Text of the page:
Being a publicly listed company brings pressure to generate consistent growth. Shareholders demand a return on their investment and the first principle of capitalist business must be followed. Growth may manifest itself in diversification or in all manner of business decisions, with both short term and long term goals as the objective.
Needless to say, brands also have marketing money to invest where they see value and strategic objectives that don’t always dovetail totally with the needs of small store owners.
Perhaps the strategy of playing to the ‘cool guy’ has waned amongst the biggest players of all?
Phil from Laced is aware their category no longer has the luxury of being seen to drive the business. “The chains get more attention from the major labels. We’re the underdog and a small percentage of their business. We could always do with more support, especially now.”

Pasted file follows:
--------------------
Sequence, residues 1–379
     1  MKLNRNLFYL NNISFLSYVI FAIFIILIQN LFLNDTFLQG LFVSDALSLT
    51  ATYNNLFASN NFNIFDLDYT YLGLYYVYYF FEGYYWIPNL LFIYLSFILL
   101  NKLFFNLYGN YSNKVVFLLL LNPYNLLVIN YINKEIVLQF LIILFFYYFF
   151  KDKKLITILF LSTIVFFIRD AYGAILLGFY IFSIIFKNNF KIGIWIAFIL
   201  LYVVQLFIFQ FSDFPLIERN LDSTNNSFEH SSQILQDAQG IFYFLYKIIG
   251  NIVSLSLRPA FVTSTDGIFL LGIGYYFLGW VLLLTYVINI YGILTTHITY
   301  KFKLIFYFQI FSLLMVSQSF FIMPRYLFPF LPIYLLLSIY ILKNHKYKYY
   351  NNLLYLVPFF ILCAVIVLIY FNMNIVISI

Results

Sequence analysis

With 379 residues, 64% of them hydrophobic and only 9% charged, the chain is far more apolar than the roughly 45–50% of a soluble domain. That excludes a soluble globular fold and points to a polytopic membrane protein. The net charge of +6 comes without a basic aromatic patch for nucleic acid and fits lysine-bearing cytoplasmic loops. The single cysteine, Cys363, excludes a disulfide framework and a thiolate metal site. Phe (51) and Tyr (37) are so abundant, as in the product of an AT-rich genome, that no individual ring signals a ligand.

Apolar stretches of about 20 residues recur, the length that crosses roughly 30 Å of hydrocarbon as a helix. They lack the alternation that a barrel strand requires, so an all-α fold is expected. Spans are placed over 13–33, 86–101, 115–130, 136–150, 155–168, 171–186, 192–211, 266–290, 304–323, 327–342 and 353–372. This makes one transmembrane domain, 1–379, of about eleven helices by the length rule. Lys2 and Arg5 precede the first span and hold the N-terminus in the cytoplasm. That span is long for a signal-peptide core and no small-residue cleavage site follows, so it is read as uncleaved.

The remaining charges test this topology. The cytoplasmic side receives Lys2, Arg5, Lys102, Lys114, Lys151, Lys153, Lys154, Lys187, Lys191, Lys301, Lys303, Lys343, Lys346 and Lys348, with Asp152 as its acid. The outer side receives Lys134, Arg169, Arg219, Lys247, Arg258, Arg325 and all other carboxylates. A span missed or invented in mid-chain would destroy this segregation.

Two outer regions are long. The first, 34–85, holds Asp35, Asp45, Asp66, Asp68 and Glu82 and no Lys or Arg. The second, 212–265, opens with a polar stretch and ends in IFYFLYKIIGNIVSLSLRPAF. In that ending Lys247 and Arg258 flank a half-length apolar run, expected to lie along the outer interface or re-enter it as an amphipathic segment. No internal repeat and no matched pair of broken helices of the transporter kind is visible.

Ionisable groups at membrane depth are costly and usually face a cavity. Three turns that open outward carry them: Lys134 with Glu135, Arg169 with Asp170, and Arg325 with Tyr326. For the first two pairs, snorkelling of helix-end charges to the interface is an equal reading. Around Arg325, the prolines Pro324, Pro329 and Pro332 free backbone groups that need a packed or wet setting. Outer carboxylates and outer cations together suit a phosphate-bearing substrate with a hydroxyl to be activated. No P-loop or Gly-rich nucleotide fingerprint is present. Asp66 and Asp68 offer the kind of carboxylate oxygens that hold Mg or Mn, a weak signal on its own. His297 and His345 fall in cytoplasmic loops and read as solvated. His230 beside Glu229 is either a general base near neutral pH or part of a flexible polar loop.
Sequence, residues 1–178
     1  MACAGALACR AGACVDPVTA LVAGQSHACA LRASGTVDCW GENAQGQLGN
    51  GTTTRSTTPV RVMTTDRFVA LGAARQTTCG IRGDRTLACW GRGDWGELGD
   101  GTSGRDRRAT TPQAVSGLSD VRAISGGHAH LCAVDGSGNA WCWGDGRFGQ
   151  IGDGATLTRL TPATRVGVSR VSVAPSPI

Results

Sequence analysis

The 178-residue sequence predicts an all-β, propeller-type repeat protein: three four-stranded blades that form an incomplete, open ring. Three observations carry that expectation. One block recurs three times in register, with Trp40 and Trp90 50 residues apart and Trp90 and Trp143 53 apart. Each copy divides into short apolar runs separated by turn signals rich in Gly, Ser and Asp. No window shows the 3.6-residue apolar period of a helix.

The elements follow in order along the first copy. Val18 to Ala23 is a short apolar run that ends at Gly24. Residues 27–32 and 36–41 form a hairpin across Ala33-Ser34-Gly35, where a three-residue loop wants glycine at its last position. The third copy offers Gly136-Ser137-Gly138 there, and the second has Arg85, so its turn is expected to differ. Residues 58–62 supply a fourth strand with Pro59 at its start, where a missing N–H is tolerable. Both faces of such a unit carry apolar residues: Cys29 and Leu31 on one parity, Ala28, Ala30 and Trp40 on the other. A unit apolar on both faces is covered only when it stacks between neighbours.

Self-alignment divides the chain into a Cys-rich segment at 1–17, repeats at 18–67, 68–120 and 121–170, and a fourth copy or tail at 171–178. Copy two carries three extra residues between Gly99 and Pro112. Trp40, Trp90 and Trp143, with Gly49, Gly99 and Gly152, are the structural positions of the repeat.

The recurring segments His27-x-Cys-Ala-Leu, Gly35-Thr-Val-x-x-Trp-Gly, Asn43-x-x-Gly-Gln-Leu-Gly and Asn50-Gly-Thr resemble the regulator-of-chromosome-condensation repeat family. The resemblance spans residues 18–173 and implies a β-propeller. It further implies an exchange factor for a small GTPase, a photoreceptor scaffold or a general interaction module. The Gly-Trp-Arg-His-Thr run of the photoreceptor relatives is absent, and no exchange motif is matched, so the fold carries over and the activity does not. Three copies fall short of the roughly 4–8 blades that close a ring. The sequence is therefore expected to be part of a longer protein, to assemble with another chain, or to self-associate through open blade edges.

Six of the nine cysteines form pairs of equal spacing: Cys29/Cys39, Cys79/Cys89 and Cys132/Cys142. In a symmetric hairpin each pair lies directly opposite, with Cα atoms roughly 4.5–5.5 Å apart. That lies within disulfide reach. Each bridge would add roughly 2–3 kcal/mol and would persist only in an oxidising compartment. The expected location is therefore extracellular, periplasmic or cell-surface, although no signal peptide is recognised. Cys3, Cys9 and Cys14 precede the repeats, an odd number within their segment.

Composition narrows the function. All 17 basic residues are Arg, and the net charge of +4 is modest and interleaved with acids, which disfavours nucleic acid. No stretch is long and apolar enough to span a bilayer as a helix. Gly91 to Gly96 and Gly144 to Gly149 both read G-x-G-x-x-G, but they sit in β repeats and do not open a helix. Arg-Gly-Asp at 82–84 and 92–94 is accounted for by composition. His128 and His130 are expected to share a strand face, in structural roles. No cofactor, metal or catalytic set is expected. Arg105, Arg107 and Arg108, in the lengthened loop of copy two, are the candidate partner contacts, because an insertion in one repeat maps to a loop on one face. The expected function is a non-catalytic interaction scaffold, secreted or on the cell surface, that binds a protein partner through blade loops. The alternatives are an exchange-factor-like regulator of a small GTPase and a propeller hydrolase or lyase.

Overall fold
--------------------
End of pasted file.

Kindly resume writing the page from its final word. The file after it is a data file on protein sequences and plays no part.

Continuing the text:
On the flipside, dealing with those small stores that order less and less but still want to retain exclusivity is a hassle that the big guns may no longer be prepared to accommodate. Outstanding accounts are also unlikely to create positive goodwill.
No wonder then that even a small outfit like FEIT would embark on an ambitious plan to become an internet-only brand. Check our interview with FEIT’s Tull Price in Issue 18 for his spin on this complex issue.
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